Review Summary: Guns and lazers and zombies and Jamaica and dance and dance and dance and dance.
World, meet Major Lazer. Major Lazer, meet world.
Consider it an honor – after all, this is the Jamaican commando who lost his arm in the secret Zombie War of 1984, only to have the US military rescue him and replace his phantom limb with experimental lazers. Like I said: an honor. Or absurd bullshit
. Y’know, whatever. But c’mon, let’s face it, when Diplo and Switch, two of the dance scene’s most revered tastemakers put together a new mix tape inspired by Jamaican dancehall, they could plaster it with stories of man eating pancakes and still have the scene sit up, throw on a Saturday night outfit and dance
like the world was ending. Your move, indie kid.
Not that either producer have been anything but hip of course – yet, unlike most other pop-fad DJs (ahm, Steve Aoki), on the one hand, Diplo has always managed to stay ahead of the cool curve, straddling an ever evolving line between pop infused beats and his constant promotion of the exotically obscure, skipping with ease between Brazilian bailie funk, Angolan kuduro and now, Jamaican groove. On the other, Sway, the second half of the Major Lazer project, perfectly compliments the album’s wicked mood of grinding funk, with his vast experience of having remixed almost every song on the planet allowing him to place his own stamp on the it’s self described sound of “digital reggae and dancehall from Mars in the future”. Whereas those more familiar with Diplo’s earlier dabbling with genre hopping, mash up experiences might expect to find more of the same here, Guns Don’t Kill
dives deep into dancehall territory and refuses to look back, saturated as it is with the heavy grooves and delicious rhythms of Jamaica’s finest. Rainfalls of steel drums and funky reggae beats roll their way along a tracklist which wavers in between aggressive displays of dance floor madness and laid back, Ganja inspired frolics.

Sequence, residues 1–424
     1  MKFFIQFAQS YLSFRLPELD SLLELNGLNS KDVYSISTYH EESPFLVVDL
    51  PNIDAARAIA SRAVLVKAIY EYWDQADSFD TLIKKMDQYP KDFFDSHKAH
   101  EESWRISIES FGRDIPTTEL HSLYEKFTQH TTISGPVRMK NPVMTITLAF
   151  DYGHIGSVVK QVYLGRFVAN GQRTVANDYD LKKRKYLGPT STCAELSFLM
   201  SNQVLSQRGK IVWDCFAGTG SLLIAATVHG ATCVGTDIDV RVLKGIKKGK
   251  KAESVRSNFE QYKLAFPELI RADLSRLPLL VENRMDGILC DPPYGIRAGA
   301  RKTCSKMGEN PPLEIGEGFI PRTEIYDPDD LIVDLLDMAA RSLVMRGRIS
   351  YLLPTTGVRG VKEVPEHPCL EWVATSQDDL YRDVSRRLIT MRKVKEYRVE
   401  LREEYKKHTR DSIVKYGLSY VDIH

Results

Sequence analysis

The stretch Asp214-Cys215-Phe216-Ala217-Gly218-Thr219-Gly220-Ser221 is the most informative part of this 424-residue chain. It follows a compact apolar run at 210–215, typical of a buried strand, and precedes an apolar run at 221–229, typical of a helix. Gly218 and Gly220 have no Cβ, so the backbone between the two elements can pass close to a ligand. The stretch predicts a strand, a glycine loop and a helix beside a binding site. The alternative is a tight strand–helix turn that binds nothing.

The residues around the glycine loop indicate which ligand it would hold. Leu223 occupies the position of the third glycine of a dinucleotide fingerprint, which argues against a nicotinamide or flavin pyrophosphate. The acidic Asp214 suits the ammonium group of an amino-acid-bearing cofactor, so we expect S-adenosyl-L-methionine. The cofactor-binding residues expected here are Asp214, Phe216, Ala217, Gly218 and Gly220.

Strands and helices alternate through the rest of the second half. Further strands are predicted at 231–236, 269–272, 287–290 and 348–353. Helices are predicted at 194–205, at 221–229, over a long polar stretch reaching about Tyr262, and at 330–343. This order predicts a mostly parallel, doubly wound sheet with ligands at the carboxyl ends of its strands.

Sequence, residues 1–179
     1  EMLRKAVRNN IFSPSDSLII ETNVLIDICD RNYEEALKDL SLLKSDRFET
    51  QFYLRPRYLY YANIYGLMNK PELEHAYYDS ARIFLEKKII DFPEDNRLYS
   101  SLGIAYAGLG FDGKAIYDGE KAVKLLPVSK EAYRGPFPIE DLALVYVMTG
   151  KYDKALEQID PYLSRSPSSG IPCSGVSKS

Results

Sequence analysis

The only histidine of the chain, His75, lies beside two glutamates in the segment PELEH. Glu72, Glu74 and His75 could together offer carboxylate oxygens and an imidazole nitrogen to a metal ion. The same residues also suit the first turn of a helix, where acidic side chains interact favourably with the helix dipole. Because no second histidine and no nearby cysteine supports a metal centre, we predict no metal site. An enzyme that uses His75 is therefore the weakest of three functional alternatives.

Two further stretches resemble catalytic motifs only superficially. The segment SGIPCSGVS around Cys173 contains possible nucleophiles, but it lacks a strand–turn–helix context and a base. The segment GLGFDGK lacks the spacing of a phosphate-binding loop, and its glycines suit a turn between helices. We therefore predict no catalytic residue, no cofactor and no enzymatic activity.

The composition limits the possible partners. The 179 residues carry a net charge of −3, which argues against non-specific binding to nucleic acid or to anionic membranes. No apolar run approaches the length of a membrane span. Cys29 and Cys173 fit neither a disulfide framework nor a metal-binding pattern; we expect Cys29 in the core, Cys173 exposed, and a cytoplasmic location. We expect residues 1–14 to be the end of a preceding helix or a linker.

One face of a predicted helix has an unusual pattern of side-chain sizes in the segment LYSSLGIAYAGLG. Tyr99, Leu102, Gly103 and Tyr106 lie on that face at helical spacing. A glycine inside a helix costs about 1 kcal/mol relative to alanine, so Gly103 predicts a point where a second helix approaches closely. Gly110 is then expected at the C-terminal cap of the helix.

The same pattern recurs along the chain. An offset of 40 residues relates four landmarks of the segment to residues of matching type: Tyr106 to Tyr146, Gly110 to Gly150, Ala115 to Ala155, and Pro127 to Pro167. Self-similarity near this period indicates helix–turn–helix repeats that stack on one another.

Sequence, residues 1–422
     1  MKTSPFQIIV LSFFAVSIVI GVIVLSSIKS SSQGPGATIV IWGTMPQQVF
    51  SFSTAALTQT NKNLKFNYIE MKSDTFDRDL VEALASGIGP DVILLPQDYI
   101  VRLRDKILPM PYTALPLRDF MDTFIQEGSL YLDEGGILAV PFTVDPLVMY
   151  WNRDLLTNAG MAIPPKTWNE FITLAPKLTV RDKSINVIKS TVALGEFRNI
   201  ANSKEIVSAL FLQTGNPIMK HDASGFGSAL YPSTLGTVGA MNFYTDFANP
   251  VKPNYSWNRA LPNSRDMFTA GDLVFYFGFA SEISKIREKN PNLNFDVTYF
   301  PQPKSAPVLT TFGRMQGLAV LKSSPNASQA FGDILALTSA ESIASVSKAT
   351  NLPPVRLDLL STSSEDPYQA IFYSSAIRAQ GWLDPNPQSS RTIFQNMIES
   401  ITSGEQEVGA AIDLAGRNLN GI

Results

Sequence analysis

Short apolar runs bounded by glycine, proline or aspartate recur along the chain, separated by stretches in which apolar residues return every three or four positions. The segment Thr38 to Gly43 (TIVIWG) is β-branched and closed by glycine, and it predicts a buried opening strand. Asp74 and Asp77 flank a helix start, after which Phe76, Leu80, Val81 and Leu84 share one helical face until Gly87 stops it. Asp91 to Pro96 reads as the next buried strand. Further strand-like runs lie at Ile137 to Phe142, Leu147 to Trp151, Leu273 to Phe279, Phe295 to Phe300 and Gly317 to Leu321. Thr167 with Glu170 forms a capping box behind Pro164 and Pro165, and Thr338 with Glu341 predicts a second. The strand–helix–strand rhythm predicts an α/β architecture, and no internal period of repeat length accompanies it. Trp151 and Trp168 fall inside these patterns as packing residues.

And of course, what better way than to announce their presence in polished sheen, with opener “Hold The Line” kicking off with a slow swagger of wild west guitar twang – a vision: the man with no name entering the dusty town on horseback – before exploding into a shattered rendition of Dick Dale’s surf rock classic “Misirlou” as slick beats weave their way around the distinctive vocal stylings of Santogold and Mr. Lexx’s thickly accented rhymes. With the cornerstone in place there’s satisfaction for everyone here, as tracks like “When You Hear The Bassline” and “Anything Goes” lay down their one-two punch of dance floor romp, while those more inclined to Marley’s sunset slow burners (and face it, you couldn’t name another Jamaican artist anyway) can glean their own pleasure from the wonderfully chilled moments of “Can’t Stop Now” and “Cash Flow”. As for those who can’t think Jamaica without thinking green, “Mary Jane” provides the perfect refuge as Mr. Evil and Mapei croon: “Hello, Mary Jane, I can’t get you off my brain, take me higher than a crane”
to the tune of marching drums and tuba bursts.
Yet even if substance breaths through the lyrics of Guns Don’t Kill
, the music itself lacks in spots just that – Guns is a fun album, made for fun people, but that doesn’t mean that instants of awkwardness don’t result: “Keep It Going Louder”, for one, lends an air of contemporary Rn’B flavor as Nina Sky and Ricky Blaze pull off a (subpar) Rihanna and Akon inspired pairing complete with a usual lyrical call of ‘Girl I wanna party with you
’ sung over an autotune in overdrive. Speaking of which, I suppose it was only a matter of time before someone decided to use the infamous production technique to the sound of a baby crying and turn it into an album track (“Baby”). And not even Diplo and Sway’s attempts to layer closer “Jump Up” with a myriad of blips and bloops save it from its own rather generic interior. But dammit, this is an album about guns and lazers and zombies and dance and dance and dance and dance and music that will make you as wild and crazy and mad as it all sounds. Just look at that frikkin album art. Take the cue son.